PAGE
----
This is what is great about the Internet. It goes two ways: you view, but you also create what is viewable. Instead of using one resource for information, like a book, there are hundreds of variations. It’s folk knowledge.
On April 6th, 2009, David Horvitz posted a picture with his head in the freezer titled “241543903” via his Flickr account SanPedroGlueSticks. On April 10th, the same numeric sequence “241543903” appeared in a Tumblr post which provided the following instruction for readers. A few weeks later, a single topic blog dedicated to “Heads in Freezer” was registered under the domain http://241543903.com/ . The site’s main page displayed a headline that read: “Experiencing a MEME in the Making.”
Shortly after the first picture was posted, the meme blew up on Google's social network, Orkut, which was then one of the most popular websites in Brazil. Horvitz said that he printed up 100 small fliers about 241543903 and sent them with a friend to Brazil. His friend told him she passed the fliers out to random young people. If the fliers are what caused this image to go viral, 241543903 is a rare case of an internet meme spreading through IRL (=In Real Life) means. Once the head-in-a-fridge meme had taken over Orkut in 2009, spread to Japan, and then jumped to Facebook in early 2010.
David Horvitz is a New York artist known for (among other things) starting a subscription service for his daily photos of the sky or running a Tumblr where he would post instructions to his audience each day. These were generally off-the-wall things like "record a dramatic reading of a YouTube comment fight" or "ask to watch the sunset from the roof of the tallest building near your house." Taking a photo with your head in the freezer and tagging it with the seemingly random number "241543903" was one of these instructions.
All of his actions, however simple, have to do with movement, distance and adventure into the day to day activities on the web. Exploiting the technical and social functioning of different communication systems, Horvitz gathers and spreads images and objects through the Internet, the postal system, libraries or even the airport lost-and-found desk. And beware: normally the focus of his projects is not where you might think it is at first sight.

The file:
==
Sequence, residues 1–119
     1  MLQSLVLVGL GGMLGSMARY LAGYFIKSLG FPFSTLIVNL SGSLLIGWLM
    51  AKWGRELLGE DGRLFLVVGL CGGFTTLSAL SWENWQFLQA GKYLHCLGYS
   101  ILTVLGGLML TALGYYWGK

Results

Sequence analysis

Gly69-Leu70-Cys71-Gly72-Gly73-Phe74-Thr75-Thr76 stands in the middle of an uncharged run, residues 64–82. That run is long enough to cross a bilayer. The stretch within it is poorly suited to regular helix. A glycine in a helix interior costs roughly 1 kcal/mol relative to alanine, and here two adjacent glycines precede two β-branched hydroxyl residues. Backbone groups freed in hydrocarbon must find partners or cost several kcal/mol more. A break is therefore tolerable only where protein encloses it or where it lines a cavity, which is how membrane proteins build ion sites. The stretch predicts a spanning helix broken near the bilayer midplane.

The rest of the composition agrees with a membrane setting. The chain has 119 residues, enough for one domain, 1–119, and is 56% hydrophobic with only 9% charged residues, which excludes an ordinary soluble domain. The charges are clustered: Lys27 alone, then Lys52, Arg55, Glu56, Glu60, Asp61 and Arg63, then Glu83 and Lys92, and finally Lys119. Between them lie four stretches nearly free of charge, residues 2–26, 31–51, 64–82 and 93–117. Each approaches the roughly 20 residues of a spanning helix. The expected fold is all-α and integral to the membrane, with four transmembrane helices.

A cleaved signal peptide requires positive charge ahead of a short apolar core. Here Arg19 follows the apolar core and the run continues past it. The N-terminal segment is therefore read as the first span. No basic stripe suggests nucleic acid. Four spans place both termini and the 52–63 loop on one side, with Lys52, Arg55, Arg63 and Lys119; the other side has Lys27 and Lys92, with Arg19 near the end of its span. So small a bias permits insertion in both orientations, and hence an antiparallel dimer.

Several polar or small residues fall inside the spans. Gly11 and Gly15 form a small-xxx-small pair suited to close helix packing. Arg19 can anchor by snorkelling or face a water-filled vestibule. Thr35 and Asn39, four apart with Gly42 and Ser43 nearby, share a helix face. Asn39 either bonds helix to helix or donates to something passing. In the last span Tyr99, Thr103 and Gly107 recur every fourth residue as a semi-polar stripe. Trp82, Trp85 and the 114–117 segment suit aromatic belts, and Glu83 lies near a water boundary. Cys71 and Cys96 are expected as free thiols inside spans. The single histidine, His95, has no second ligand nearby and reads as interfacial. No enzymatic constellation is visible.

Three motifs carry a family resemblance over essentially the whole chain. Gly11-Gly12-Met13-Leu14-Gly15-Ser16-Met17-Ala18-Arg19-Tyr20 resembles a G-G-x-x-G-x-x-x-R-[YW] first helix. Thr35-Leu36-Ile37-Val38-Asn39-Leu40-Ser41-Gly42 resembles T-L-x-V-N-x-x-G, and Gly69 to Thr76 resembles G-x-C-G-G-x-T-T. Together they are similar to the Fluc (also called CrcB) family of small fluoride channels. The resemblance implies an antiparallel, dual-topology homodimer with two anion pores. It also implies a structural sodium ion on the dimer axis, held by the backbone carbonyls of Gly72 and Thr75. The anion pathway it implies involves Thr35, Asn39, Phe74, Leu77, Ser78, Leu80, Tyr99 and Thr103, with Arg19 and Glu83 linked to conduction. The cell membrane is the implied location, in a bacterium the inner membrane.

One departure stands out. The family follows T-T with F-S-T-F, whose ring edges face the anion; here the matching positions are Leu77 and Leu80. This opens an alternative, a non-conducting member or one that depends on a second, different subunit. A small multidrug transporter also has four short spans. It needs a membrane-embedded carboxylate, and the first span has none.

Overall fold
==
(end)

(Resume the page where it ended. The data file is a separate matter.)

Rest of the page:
More recently, Horvitz raised controversy within the Wikipedia with “Public Access”, an ongoing series of pictures posted on the renowned open encyclopedia. Horvitz traveled up the Pacific Coast taking photographs of himself (often at a distance, or as a silhouette, or including a tiny detail of himself in the frame) on publicly accessible beaches and then uploading these images to the beaches’ Wikipedia pages. “The reason it’s called ‘Public Access’ is because the images were all photographed on publicly accessible beaches and then they went onto Wikipedia, which is a public commons so there’s a play between the digital commons and the physical commons,” Horvitz explained.
Wikipedia’s librarians (self-appointed, community-approved moderators), responded by tracking Horvitz, removing his pictures or cropping him out of them. Horvitz did the same operation in a series of entry pages related to depression and mood disorders, after realizing that the same images were used to illustrate these concepts on the web and they were often taken from private image banks. Many would use the images hosted on Wikipedia, and so did he.
But one more time Wikipedia’s editors caught him and after several heated debates among users in the forums of each of the entries, in 2014 Horvitz was permanently banned from Wikipedia.